Preview: Building Wooden Lobster Boats, with Chummy Rich

If you’ve ever wondered how those beautiful Maine lobster boats and their pleasureboat sisters are put together, step by step, out of wood, here’s a video you shouldn’t miss. It was shot by our videographer friend Jeff Dobbs who has produced a number of other great videos that, like this one, center around Mt. Desert Isand, in Maine, where he lives. Boatbuilder Robert “Chummy” Rich is the subject here, and we think you’ll enjoy watching him build the 28’ plank-on-frame ANDROMEDA from scratch, and learn a lot as well.

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4 Responses So Far to “Building Wooden Lobster Boats, with Chummy Rich

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    Clay Ford says:

    I have been in love with wooden boats ever since I read Treasure Island, Mutiny on the Bounty, and I found several stacks of old Rudder magazines discarded from the college library at the college campus where I grew up. Always thought the lines of a Maine lobster-man were very easy on the eye.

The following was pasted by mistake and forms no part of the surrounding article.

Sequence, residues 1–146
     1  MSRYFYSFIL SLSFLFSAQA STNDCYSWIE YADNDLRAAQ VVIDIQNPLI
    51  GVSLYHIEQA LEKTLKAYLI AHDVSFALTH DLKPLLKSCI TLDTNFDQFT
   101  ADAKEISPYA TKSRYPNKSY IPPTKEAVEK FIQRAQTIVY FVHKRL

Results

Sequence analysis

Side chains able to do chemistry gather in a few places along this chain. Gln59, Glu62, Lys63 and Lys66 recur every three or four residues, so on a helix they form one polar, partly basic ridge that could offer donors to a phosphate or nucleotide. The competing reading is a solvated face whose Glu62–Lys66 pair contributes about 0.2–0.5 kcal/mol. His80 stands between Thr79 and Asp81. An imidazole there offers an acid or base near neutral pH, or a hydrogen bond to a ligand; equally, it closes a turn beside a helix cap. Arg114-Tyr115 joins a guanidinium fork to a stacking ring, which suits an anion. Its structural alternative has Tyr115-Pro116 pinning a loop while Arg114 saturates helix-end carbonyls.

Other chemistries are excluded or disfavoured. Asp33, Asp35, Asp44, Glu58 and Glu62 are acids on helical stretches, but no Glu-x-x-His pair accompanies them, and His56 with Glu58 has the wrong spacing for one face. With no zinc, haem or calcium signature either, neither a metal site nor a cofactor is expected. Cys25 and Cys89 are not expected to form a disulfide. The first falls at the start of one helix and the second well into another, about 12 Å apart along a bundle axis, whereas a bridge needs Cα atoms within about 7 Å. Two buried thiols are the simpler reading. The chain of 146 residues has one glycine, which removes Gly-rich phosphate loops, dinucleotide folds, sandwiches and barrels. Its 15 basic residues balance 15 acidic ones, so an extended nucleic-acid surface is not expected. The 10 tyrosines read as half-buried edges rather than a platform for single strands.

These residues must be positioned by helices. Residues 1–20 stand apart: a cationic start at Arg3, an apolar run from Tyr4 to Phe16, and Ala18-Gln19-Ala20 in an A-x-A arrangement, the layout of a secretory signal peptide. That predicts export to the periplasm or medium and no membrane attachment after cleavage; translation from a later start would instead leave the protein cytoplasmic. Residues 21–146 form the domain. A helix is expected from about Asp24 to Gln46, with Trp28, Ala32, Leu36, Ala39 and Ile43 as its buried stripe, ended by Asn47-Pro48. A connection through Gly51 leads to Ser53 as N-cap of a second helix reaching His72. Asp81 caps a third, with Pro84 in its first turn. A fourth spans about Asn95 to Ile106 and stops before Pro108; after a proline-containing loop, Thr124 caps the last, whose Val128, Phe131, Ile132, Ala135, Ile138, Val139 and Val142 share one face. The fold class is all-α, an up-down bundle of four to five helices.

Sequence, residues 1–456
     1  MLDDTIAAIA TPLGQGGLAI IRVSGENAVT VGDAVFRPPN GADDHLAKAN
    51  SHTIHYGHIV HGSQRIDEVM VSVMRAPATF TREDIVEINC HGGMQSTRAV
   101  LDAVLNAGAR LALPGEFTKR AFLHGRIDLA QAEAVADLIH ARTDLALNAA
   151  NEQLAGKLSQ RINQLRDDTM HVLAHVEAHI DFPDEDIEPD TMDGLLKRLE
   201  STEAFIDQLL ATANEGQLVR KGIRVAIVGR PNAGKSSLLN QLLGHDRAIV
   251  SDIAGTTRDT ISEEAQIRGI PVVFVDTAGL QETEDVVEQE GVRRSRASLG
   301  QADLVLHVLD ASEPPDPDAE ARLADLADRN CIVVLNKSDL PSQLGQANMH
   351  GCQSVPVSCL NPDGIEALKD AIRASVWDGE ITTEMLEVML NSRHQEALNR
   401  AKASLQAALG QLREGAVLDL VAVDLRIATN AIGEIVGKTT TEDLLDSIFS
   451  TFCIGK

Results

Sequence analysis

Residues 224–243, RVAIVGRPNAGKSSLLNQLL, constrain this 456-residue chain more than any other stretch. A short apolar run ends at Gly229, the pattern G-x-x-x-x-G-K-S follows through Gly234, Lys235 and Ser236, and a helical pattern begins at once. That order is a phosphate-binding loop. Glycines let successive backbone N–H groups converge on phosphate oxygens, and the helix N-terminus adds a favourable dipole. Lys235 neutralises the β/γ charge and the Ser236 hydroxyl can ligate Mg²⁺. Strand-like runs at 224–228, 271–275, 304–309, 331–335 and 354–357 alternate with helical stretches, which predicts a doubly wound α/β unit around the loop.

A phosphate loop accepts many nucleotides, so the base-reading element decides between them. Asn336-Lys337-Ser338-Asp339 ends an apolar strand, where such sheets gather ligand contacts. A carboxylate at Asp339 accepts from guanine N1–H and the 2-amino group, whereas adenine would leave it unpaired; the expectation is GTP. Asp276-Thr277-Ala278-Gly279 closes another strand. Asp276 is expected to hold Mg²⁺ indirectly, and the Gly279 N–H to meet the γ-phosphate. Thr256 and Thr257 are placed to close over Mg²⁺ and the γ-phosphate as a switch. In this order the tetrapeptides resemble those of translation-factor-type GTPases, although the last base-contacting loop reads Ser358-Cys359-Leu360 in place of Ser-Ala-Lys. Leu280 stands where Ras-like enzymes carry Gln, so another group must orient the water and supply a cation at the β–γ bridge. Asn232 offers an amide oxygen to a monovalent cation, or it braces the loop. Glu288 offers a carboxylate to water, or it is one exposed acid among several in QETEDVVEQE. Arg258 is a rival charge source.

Glad to know folks like Chummy Rich are still around, and younger dreamers are following in their footsteps.

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    John Holt says:

    I bought a DVD of this video in SW Harbor, but it’s nice to have it included on the OCH website. It’s a joy to behold the beautiful product of such dedicated craftsmanship. I have a question. Chummy comments on the graceful ‘tumblehome’ of the hull as it bends aft, and I agree that it looks great. I have experienced, however, that a boat with straighter lines when going in reverse seems to handle better. Does this tend to be true? And if so, why?

    • Avatar

      Maynard Bray says:

      Hi John,
      The tumblehome (topsides rolling inward) all takes place above the waterline, so has nothing to do with performance. It looks great, but contemporary lobster boats have abandoned it in favor of a wider aft deck that’ll carry more traps.

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    Lee Fox says:

    January 9th on a cold day in Maine this was great video to watch by the fire, thanks for sharing this story.